Ceramides: What It Is And What It's Doing In Your Skincare
By Hanna G.
February 20, 2019
What are ceramides?
Ceramides are found in the uppermost layers of the skin and make up over 50% of the skin’s composition. Ceramides are fat molecules that help your skin stay hydrated. They are an important component of the skin barrier because they can effectively bind water molecules together to retain moisture in the skin.
Ceramide is a Latin word that means 'wax'. Simply put, they are oily wax components that are naturally found on our topmost layers of the skin. There are 9 different types of ceramides in the skin. They help protect your skin from bacteria, irritants and environmental pollutants.
Why are they important?
Although it is a popular word used in the skincare industry, the benefits and importance of ceramides are rarely understood. Let's dive into some of the key advantages of ceramides for your skin.
- Ceramides are popularly known to help your skin feel smooth and soft;
- The barrier created by ceramides help protect your skin from external aggressors;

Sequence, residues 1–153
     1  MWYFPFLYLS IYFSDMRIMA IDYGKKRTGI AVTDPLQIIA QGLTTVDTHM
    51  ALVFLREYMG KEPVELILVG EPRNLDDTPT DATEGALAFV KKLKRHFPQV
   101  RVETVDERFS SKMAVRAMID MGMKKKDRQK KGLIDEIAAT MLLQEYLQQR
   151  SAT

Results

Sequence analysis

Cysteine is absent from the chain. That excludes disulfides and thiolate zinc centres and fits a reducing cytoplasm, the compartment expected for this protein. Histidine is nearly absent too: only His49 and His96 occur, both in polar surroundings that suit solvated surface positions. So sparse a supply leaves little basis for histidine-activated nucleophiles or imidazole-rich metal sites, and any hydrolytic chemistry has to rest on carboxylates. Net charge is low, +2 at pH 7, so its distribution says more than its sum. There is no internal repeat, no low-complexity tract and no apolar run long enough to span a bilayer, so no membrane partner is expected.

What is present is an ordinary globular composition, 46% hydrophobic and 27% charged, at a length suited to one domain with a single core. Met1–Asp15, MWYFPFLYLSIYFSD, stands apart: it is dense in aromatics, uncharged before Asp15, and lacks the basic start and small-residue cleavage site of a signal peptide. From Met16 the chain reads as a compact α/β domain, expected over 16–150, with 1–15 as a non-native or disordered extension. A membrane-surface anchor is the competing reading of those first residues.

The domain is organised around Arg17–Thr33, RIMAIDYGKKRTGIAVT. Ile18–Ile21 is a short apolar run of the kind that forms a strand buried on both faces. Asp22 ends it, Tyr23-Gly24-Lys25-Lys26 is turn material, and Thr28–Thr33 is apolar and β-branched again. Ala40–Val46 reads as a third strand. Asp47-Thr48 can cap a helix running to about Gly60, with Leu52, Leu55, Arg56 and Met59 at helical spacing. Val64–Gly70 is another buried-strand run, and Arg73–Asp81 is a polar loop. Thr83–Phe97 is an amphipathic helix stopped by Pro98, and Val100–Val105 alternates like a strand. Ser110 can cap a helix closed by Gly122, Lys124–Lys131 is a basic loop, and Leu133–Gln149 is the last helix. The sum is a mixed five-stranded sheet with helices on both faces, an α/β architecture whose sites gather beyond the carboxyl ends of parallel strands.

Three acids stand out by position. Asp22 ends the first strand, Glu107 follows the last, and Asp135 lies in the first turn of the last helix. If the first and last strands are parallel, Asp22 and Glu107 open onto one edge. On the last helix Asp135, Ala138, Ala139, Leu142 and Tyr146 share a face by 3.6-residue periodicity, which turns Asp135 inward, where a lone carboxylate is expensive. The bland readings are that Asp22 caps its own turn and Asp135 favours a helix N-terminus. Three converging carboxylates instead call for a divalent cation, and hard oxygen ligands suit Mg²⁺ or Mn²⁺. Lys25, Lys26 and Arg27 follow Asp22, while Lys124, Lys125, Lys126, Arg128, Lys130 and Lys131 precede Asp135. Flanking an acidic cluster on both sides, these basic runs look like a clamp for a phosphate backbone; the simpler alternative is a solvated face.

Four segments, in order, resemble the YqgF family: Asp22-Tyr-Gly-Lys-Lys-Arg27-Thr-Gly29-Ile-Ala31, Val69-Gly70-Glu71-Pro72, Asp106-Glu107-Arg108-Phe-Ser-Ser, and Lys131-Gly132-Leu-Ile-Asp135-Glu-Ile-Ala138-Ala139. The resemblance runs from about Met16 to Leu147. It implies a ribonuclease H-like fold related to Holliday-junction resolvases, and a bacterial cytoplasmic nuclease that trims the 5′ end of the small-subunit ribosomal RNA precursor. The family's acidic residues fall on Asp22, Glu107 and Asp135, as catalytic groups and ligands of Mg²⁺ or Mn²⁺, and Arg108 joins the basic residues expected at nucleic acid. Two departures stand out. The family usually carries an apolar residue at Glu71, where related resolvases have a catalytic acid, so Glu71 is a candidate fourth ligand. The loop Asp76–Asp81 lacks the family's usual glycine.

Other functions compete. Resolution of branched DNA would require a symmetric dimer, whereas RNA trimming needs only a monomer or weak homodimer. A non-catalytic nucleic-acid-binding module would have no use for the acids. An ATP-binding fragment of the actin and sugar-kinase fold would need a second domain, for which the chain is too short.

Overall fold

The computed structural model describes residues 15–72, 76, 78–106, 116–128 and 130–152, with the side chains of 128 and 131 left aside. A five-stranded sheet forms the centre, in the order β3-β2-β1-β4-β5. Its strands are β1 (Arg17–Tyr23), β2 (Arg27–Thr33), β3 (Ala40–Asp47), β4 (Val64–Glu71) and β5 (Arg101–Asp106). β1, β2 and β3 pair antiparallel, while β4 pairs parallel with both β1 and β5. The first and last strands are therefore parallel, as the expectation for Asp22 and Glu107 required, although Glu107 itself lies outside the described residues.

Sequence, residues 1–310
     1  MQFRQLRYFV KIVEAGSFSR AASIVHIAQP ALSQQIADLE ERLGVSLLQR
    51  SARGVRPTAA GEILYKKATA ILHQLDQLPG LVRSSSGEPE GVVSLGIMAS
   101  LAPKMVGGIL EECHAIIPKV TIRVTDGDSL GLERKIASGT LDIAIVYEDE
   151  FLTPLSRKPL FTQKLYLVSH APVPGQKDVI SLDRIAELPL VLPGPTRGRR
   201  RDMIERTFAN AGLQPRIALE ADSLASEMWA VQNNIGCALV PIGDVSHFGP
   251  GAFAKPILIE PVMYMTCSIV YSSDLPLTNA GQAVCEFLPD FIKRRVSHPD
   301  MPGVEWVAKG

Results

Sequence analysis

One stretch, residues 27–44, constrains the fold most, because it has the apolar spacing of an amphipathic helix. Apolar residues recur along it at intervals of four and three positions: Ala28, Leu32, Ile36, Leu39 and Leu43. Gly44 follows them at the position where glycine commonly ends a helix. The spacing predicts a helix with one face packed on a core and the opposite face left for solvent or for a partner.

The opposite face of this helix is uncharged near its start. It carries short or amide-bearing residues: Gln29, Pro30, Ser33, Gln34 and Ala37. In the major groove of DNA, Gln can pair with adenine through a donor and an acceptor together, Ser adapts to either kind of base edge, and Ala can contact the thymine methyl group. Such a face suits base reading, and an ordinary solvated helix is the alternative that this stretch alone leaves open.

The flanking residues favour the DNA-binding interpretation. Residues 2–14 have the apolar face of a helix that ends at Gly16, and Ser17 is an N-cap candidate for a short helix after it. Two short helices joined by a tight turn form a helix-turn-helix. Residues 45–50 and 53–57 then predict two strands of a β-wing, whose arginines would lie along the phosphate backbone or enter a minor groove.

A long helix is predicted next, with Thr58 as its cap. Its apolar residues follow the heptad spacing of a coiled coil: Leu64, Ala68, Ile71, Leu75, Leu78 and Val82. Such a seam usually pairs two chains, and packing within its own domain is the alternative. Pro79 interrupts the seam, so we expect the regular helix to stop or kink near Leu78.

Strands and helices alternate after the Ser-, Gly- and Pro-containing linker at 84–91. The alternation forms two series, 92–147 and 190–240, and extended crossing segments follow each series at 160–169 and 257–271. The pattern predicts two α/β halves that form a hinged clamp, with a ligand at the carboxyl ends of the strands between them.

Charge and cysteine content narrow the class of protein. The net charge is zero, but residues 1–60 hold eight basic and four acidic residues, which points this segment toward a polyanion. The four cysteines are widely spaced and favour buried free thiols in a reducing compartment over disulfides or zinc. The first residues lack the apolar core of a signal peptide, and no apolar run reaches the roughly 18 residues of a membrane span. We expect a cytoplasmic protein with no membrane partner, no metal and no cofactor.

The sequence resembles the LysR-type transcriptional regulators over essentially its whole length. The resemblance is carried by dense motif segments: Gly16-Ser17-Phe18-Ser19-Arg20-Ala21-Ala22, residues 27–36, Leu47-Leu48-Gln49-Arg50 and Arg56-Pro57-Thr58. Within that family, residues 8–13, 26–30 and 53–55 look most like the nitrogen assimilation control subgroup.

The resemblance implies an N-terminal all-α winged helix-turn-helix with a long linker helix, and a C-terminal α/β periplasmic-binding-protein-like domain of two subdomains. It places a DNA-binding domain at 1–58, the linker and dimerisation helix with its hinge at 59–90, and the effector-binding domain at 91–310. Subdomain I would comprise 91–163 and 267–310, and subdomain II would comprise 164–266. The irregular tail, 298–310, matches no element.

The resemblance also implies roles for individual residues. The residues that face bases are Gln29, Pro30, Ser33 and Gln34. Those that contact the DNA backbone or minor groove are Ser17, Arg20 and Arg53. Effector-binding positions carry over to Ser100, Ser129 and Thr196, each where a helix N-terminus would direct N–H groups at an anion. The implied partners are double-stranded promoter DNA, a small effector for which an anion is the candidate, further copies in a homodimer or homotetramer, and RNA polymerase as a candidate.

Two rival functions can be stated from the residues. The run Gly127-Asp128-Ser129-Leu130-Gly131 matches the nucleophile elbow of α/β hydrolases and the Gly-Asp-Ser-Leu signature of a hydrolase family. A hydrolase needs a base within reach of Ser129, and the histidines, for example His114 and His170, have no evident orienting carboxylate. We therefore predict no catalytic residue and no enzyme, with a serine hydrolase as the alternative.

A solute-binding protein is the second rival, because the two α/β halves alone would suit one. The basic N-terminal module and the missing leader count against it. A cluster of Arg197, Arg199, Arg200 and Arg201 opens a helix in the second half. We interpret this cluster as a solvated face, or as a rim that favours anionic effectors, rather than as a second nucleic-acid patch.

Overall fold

- They protect the skin from dehydration and locks in moisture; and
- It is a key component that has proven anti-aging properties to preserve youthful-looking skin.
Why are they important in beauty products?
You might ask if the skin already has naturally occurring ceramides, why should you use a skincare product that contains it?
The answer is simple - age, hot water, soaps and sun exposure tends to damage and reduce the natural ceramides found in your skin. This eventually leads to the weakening of the skin's protective barrier. Low ceramide levels make it difficult for the skin to retain moisture, a common issue for eczema sufferers.
Using skincare products that contain ceramides may help topically restore what has diminished over time and help with your skin’s natural ceramide production. To start with, include a ceramide moisturizer into your skincare routine. They tend to form a waterproofing wall in the upper layers of the skin to regulate the cells.
1. US National Library of Medicine National Institutes of Health, PMC
2. Skin Barrier Defects in Atopic Dermatitis